Underlying earnings per share is provided by excluding the effect of any non-underlying items as defined in note 3. This alternative measure of earnings per share is presented to reflect the Group’s underlying trading performance. All operations are continuing for the periods presented. 2018 2017 million million Weighted average number of shares in issue 2,186.2 2,049.0 Weighted average number of dilutive share options 21.8 18.2 Weighted average number of dilutive senior convertible bonds 143.5 137.7 Weighted average number of dilutive subordinated perpetual convertible bonds 78.3 75.1 Total number of shares for calculating diluted earnings per share 2,429.8 2,280.0 £m £m Profit for the financial year (net of tax) 309 377 Less profit attributable to: Holders of perpetual capital securities (12) (12) Holders of perpetual convertible bonds (6) (6) Profit for the financial year attributable to ordinary shareholders 291 359 £m £m Profit for the financial year attributable to ordinary shareholders 291 359 Add interest on senior convertible bonds (net of tax) 1 12 12 Add coupon on subordinated perpetual convertible bonds (net of tax) 6 6 Diluted earnings for calculating diluted earnings per share 309 377 £m £m Profit/(loss)for the financial year attributable to ordinary shareholders of the parent 291 359 Adjusted for non-underlying items (note 3) 180 78 Tax on non-underlying items (42) (9) Add back coupons on perpetual securities (net of tax) 1 18 18 Underlying profit after tax attributable to ordinary shareholders of the parent 447 446 Add interest on convertible bonds (net of tax) 12 12 Add coupon on subordinated perpetual convertible bonds (net of tax) 6 6 Diluted underlying profit after tax attributable to ordinary shareholders of the parent 465 464 Pence Pence per share per share Basic earnings 13.3 17.5 Diluted earnings 12.7 16.5 Underlying basic earnings 20.4 21.8 Underlying diluted earnings 19.1 20.4 1. Underlying earnings per share calculation is based on underlying profit after tax attributable to ordinary shareholders. Therefore the coupons on the perpetual securities are added back.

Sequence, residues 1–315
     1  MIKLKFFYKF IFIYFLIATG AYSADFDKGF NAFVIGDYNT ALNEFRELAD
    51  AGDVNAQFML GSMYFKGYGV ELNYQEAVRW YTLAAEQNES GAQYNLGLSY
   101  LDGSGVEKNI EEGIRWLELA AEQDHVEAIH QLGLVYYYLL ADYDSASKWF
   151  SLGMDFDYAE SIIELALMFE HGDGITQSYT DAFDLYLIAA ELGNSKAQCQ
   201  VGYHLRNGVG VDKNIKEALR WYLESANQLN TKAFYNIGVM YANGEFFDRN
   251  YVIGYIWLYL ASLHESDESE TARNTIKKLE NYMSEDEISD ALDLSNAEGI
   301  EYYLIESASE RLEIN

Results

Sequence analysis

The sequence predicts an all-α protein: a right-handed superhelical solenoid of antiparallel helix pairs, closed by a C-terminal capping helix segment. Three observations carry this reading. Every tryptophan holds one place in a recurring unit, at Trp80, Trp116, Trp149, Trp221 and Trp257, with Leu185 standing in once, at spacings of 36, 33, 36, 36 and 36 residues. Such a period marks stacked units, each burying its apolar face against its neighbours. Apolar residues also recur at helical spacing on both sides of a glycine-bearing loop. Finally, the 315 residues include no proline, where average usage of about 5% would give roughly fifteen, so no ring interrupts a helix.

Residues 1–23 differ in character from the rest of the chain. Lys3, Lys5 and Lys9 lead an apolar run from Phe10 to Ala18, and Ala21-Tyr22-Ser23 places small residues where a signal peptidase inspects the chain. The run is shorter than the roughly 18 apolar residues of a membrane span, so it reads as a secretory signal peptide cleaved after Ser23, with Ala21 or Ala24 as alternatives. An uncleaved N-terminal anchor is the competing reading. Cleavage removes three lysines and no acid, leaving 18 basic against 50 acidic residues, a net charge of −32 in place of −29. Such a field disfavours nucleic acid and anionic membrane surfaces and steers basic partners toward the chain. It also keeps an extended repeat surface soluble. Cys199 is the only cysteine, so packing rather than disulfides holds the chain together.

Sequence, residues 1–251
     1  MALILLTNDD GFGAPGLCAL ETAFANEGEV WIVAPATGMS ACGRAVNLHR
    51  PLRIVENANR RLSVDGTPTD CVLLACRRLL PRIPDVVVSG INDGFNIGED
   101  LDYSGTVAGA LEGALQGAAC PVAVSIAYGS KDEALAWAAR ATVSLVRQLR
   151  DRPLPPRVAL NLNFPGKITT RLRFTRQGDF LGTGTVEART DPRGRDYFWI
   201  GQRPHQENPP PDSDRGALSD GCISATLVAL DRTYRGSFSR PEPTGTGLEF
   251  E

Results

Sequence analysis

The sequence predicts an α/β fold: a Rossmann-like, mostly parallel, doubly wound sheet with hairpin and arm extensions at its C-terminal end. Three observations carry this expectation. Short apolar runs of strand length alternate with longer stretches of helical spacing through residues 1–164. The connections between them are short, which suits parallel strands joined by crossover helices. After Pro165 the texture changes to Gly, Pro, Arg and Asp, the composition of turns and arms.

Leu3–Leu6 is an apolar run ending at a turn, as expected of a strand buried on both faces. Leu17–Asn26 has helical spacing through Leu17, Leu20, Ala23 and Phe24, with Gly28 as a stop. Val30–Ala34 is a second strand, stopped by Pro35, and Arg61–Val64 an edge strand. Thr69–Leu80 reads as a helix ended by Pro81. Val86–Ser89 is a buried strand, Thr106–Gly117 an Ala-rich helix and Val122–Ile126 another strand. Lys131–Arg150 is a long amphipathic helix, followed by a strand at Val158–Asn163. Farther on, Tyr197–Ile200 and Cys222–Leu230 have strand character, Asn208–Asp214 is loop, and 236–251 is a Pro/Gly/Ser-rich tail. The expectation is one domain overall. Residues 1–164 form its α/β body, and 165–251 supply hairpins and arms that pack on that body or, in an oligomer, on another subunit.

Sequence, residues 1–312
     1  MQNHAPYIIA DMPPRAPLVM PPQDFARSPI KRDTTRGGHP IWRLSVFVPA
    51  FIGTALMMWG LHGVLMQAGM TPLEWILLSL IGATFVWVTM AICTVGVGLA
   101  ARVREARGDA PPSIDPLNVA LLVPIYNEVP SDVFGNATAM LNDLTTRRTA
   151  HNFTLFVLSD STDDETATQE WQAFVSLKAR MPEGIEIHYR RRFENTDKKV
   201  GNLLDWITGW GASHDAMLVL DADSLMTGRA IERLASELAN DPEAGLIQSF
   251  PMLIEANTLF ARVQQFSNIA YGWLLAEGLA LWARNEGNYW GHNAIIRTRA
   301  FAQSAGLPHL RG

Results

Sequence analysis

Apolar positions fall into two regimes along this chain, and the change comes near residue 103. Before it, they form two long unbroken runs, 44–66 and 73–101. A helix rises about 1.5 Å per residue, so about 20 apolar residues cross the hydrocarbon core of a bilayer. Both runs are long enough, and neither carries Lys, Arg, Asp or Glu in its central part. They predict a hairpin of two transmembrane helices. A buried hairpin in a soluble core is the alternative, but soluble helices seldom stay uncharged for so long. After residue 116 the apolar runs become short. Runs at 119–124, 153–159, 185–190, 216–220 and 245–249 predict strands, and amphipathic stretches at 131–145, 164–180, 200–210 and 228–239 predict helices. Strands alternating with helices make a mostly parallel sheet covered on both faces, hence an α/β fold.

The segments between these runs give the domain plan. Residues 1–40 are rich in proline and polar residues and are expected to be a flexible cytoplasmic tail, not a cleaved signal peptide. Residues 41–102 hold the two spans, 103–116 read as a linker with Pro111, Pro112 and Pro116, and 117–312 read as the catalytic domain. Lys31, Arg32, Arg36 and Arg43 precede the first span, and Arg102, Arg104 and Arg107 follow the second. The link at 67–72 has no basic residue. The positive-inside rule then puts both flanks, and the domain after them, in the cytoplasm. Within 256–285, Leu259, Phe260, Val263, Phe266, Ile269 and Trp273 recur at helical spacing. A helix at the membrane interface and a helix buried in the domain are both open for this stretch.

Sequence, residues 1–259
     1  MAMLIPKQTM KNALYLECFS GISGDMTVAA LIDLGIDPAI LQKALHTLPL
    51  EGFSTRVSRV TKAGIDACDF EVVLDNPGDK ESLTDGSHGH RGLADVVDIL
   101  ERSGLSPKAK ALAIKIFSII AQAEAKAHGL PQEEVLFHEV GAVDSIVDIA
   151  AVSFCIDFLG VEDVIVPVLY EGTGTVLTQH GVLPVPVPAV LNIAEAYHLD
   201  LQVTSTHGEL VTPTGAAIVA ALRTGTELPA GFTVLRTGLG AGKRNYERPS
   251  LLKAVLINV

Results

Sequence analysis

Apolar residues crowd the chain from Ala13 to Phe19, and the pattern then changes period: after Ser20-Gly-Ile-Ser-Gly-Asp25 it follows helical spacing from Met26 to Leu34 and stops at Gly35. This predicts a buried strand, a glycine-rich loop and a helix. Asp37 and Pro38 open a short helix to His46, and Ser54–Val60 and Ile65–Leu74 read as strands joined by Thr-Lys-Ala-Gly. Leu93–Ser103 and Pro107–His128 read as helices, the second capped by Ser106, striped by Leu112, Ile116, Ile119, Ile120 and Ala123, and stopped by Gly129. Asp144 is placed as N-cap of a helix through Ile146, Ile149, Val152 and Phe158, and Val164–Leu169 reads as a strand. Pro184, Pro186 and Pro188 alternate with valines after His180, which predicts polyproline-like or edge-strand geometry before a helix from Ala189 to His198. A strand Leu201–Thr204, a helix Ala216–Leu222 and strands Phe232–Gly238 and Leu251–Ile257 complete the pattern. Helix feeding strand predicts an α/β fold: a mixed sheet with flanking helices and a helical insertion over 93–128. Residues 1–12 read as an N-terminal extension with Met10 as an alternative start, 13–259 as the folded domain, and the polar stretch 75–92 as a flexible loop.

39 8 Dividend 2018 2017 2018 2017 Pence per share Pence per share £m £m Amounts recognised as distributions to ordinary shareholders in the year: Final dividend of prior financial year 6.6 8.1 144 155 Interim dividend of current financial year 3.1 3.6 68 77 9.7 11.7 212 232 After the balance sheet date on 30 April 2018 a final dividend of 7.1 pence per share (2017: 6.6 pence per share) was proposed by the Directors in respect of the 52 weeks to 10 March 2018. This results in a total final proposed dividend of £156 million (2017: £144 million), an increase of 8.3 per cent on the previous year. Subject to shareholders’ approval at the Annual General Meeting, the dividend will be paid on 13 July 2018 to the shareholders on the register at 8 June 2018. The proposed final dividend has not been included as a liability at 10 March 2018.